Yes, yes I did. And we laughed so hard that every year since, at least one holiday present has been a box with underpants.
Skip the costly electronic games and flashy digital gizmos. Pediatricians say the best toys for tots are old-fashioned hands-on playthings that young children can enjoy with parents — things like blocks, puzzles — even throwaway cardboard boxes — that spark imagination and creativity.
“A cardboard box can be used to draw on, or made into a house,” said Dr. Alan Mendelsohn, co-author of a new report on selecting toys for young children, up to around age 5. READ MORE
The interesting take-home point here, at least to me, is a reminder that practices can be more injury-producing than games. This is not a new concept, but it's one many of us tend to forget about on a regular basis...
High-impact hits may affect the brain development of children and teens after just one season of football, preliminary research suggests.
The study compared functional MRI scans taken pre- and post-season. The researchers saw more gray matter volume in those who had high-impact hits -- but no concussions -- over the season.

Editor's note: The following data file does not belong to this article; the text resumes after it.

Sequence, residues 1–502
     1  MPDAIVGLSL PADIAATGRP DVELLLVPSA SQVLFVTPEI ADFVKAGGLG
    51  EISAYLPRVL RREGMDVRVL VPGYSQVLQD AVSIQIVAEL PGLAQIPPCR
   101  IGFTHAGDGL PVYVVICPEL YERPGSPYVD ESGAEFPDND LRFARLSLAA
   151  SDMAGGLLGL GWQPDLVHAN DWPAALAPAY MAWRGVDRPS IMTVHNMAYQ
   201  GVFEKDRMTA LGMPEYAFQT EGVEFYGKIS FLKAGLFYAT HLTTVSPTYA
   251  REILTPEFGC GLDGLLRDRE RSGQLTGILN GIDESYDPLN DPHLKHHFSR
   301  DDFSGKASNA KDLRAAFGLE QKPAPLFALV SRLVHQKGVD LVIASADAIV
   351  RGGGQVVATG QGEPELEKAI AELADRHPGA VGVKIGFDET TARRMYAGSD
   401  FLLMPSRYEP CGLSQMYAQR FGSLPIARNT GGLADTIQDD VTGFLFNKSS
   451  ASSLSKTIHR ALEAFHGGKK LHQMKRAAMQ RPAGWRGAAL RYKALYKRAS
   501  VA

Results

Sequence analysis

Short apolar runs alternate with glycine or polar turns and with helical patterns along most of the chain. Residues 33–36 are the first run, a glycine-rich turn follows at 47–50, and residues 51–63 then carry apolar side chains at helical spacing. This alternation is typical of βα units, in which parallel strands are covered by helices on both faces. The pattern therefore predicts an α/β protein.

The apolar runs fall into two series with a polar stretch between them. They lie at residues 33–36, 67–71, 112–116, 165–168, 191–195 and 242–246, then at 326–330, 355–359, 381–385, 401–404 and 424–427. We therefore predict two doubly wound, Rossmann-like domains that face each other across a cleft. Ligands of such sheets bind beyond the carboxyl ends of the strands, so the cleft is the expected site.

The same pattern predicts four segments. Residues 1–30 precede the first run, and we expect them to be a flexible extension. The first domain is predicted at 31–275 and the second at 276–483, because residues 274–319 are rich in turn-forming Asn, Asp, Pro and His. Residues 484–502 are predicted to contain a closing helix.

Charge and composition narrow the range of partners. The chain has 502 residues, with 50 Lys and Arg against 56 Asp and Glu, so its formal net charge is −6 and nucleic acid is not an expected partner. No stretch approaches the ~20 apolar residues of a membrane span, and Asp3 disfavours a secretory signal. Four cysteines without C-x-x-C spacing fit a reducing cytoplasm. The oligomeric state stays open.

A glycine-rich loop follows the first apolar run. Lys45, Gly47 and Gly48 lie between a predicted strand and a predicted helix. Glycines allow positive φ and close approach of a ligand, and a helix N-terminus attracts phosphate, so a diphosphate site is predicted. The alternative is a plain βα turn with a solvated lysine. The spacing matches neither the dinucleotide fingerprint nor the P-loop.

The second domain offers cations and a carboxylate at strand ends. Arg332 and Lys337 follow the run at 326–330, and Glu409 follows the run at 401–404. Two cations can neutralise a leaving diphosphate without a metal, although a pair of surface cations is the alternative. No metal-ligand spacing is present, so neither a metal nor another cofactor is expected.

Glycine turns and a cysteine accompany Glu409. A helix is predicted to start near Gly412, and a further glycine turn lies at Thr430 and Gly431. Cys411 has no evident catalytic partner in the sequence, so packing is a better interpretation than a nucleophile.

More gray matter indicates that the brain might not be working as well as it.... READ MORE
Ride-share has upended many rules of the road, but safety shouldn't be on that list. There is a reason why infants, toddlers, and young children are required to ride in car seats and/or boosters: these seats save lives. Instead of exempting ride-share companies from the safety requirement, how about if we innovate the safety equipment? Infant car seats have ALWAYS been too bulky, heavy and cumbersome. They are nearly impossible to install correctly, particularly when you are trying to hustle into a car, kids in hand, along a busy roadway. So rather than change the rules, let's change the hardware. Who out there can invent a more portable, more easily installable, equally safe (or even safer) car seat? Go for it!